“The question of what you can insist on existing staff doing with their working hours starts with what the contract of employment provides for,” Morton explains.
She advises operators to check their contracts because many will contain wording to the effect of “your hours may vary depending on the needs of the business” or “your hours will be based on a rota system notified to you a week in advance”.
This would mean an employer could technically change hours from say 12noon-4pm to 7am-11pm.
However, if an employer wants to vary or increase the working hours of an employee who is on fixed hours, their consent should be sought, she says.
“It is inevitable that some workers will not want to change their working hours, particularly those who are happy with existing part-time hours that suit them or their family or that accommodate certain health conditions,” she continues.
“In that situation, employers need to consider their options carefully. Implementing a change to working hours can be fraught with difficulties, which can be frustrating when you are simply trying to better the business and increase revenue,” says Morton.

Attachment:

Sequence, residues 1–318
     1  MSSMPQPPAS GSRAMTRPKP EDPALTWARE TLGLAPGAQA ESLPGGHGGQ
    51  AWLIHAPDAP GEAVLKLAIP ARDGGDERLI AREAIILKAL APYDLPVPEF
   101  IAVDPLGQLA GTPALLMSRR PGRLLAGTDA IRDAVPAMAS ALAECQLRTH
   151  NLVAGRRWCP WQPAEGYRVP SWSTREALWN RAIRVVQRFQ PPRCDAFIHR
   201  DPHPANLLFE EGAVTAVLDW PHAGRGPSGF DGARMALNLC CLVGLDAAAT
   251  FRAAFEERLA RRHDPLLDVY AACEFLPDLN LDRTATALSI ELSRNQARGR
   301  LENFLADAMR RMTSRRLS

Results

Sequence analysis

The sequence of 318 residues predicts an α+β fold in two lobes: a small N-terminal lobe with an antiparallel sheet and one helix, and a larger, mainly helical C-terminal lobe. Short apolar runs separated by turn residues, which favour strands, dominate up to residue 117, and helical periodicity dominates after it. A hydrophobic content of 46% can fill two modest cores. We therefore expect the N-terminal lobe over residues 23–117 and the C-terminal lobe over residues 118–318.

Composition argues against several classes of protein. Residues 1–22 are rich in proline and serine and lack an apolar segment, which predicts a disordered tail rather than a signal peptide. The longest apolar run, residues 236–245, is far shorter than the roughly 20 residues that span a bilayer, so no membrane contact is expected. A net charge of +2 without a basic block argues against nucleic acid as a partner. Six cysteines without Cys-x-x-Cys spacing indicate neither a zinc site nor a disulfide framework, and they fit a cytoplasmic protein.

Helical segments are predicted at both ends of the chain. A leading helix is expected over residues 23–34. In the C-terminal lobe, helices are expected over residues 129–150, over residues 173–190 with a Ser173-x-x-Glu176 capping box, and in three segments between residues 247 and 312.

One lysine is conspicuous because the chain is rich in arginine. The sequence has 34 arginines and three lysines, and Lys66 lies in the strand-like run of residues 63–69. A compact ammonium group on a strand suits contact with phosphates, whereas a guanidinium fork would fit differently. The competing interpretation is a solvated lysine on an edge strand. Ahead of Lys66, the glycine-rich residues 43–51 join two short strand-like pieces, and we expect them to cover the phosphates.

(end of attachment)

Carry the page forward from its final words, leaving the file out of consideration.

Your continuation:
“If you are adjusting opening hours and require advice on the effect of this on your staff, we would recommend you seek specialist advice.”
Is there demand?
Before taking a leap of faith, it’s worth checking that the demand for longer hours to provide breakfast is actually there.
Davies says anyone considering this should think about their location. On-trade sites that extend their hours to offer the first meal of the day are most successful where there is a school nearby or city centre passing trade, he says.
“To gauge whether there is a market, operators should assess who is out and about at breakfast time. Is it commuters, local businesses or parents on the school run?
“Find out whether they would use your pub and tailor your offer accordingly, be it bacon butties, full breakfast or takeaway pastries and coffees,” he says.
Richard Thompson, manager of Liverpool-based the Elephant Pub and Bake-house, a Star Pubs & Bars site, says it doesn’t offer accommodation but the site is in the heart of the ‘Liverpool village’, which makes it something of a meeting place.